Vinegar vs Glyphosate for Weed Control

Many organic vegetable growers find weed control a problem. There are few registered organic herbicides and many are not very effective and are expensive. One chemical that has been discussed as an organic herbicide is acetic acid – vinegar. Does it really work as well as an established herbicide like glyphosate? Jacob Domenghini at Eastern Kentucky University wanted to find out.

Experiment

Jacob ran an experiment twice, in 2016 and 2017, for 132 days of growing season. His weed control treatments were glyphosate, 5% acetic acid (typical household grade vinegar), 20% acetic acid (horticulture grade vinegar), 30% acetic acid (horticulture grade vinegar), and a plain water control. Treatments were applied in the fall and spring (weed knock down the season before planting) or spring only both years to ungrazed pasture that was mown to 3 inches high before treatment. Percentage of weed cover within the plots was evaluated on a scale of 0-10 with 0=no weeds and 10=covered in weeds. All plots started with a rating of 10 and evaluations were based on the number of days after treatment it took to have 50% and 100% weed regrowth, and the number of follow-up treatments required through the growing season to keep the weeds down.

Fall + spring treatments received a treatment in October two days after mowing and were sprayed to wet, not to runoff. In the spring, plots were once again mown to 3 inches and all treatments applied two days after mowing in March, again spraying until wet. Plots were rated daily for the first 10 days then all plots were tilled to a depth of 6 inches with a rototiller to simulate garden bed preparation. After tilling, plots were rated twice a week. When a plot was rated as 5 or above, the treatment was reapplied.

Results

The vinegar treatments all declined to a rating of 0 within 2 days of treatment because of the burn-down effect of acid. Plots treated with glyphosate required 6-7 days to get to a rating of 0. Glyphosate with both fall and spring treatment required a reapplication at an average of 78 days. Both 20% and 30% horticulture grade vinegar required an average of 79 days before reapplication was required. The spring only application of 5% vinegar required reapplication in an average of 63 days. Application of any of the herbicides in the fall did not reduce weed competition in the spring. Glyphosate plots only required one retreatment each year. The 5% vinegar required 5-9 retreatments in a year and the 20% and 30% acetic acid required between 3 and 5 retreatments in a year.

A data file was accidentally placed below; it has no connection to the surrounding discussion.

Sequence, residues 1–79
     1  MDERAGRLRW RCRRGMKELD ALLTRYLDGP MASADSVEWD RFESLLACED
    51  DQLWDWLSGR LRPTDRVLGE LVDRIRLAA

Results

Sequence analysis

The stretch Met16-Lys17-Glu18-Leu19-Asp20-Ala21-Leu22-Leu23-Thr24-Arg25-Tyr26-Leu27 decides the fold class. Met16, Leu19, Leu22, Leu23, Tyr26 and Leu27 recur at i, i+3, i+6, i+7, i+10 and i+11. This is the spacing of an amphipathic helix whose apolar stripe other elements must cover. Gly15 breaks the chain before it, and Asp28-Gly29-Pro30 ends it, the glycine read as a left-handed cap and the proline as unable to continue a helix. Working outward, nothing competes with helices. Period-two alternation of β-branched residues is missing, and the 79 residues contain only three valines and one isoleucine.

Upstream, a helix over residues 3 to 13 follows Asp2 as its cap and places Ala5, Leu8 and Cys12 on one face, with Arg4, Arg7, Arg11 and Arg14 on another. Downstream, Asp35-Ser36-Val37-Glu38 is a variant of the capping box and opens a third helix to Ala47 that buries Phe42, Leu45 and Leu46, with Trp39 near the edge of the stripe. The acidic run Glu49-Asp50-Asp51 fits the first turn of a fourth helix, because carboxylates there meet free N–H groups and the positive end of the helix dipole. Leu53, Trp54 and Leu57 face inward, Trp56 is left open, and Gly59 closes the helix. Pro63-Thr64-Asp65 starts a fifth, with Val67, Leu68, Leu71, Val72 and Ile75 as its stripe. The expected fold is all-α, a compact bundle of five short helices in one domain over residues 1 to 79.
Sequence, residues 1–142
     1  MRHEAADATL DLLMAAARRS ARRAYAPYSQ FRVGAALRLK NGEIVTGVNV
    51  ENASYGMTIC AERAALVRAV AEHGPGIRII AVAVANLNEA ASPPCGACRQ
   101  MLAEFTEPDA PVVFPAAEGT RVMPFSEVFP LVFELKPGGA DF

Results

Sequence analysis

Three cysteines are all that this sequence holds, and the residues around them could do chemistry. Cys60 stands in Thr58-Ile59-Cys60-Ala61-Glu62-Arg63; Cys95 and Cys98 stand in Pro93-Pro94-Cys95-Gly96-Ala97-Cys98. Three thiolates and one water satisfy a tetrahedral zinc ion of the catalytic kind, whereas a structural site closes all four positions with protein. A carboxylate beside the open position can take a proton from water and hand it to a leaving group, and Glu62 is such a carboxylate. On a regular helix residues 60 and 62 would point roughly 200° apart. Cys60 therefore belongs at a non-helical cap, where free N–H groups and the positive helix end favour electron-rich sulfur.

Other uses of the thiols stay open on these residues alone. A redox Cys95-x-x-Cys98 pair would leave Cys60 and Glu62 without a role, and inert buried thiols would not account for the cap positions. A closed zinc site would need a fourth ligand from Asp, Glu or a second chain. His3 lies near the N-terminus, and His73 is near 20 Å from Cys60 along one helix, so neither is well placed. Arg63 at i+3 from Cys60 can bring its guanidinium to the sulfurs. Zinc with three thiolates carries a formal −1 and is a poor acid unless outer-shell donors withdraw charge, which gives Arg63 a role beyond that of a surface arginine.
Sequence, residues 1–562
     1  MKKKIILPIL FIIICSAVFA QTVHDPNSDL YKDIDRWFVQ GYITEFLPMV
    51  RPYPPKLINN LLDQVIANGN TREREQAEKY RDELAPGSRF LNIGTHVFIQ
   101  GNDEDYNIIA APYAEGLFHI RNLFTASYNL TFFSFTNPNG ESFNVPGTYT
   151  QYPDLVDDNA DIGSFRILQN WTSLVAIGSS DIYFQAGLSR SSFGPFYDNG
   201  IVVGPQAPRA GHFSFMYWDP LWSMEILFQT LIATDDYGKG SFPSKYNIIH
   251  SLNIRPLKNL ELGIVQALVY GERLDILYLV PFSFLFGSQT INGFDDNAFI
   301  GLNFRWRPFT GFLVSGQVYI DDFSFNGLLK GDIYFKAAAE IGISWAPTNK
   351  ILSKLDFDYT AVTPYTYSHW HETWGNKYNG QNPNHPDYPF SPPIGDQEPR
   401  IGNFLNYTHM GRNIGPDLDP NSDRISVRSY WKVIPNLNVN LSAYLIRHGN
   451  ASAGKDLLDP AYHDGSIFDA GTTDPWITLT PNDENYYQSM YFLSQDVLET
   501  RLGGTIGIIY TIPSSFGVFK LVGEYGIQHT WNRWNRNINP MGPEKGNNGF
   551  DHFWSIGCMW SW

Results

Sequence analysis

Conclusion

The 20-30% horticulture grade acetic acid is an effective herbicide that can be used by organic growers to replace glyphosate, but will require more retreatments through the season. The 5% acetic acid was not as effective. Preparing the garden in the fall with herbicide before spring planting was not worthwhile.

Source:

J.C. Domenghini. 2020. Comparison of Acetic Acid to Glyphosate for Weed Suppression in the Garden. HortTechnology. February 2020 30(1) 82-87.

More information for homeowners from UF/IFAS on herbicides.

More information on herbicides from UF/IFAS.

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Posted: March 26, 2020


Category: Agriculture, Florida-Friendly Landscaping, Horticulture
Tags: Glyphosate, Herbicide, Organic, Vinegar


Comments:

Rebecca Elliott

February 2, 2022

Dear reader, Thank you for your feedback! I have more posts coming up soon. Plase stay tuned. If you wish to participate in our classes on nutrition and healthy lifestyle, feel free to sign up to my next class using the following link: https://www.eventbrite.com/e/healthy-for-life-series-1-live-session-5-virtual-sessions-tickets-243082485257?aff=eprofsaved All the best, Rebecca

Cataratas
February 1, 2022

Hi there Rebecca Very nice content and blog, I found it very informative and useful, hope to read more nice articles like this one around here, Keep sharing the best content, Best regards! Your follower Salvatore Cataratas

Rase De Pisici
January 24, 2022

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Rebecca Elliott

November 16, 2021

You are welcome, Catherine! Please subscribe to be notified of my next posts. Take care, Rebecca

Catherine E McEwen
November 16, 2021

Wonderful tips! Thanks for sharing!

Rebecca Elliott

November 16, 2021

Thank you! I hope you can implement some of these tips. Stay tuned for my next posts. Take care, Rebecca

Anna Seskerni
November 16, 2021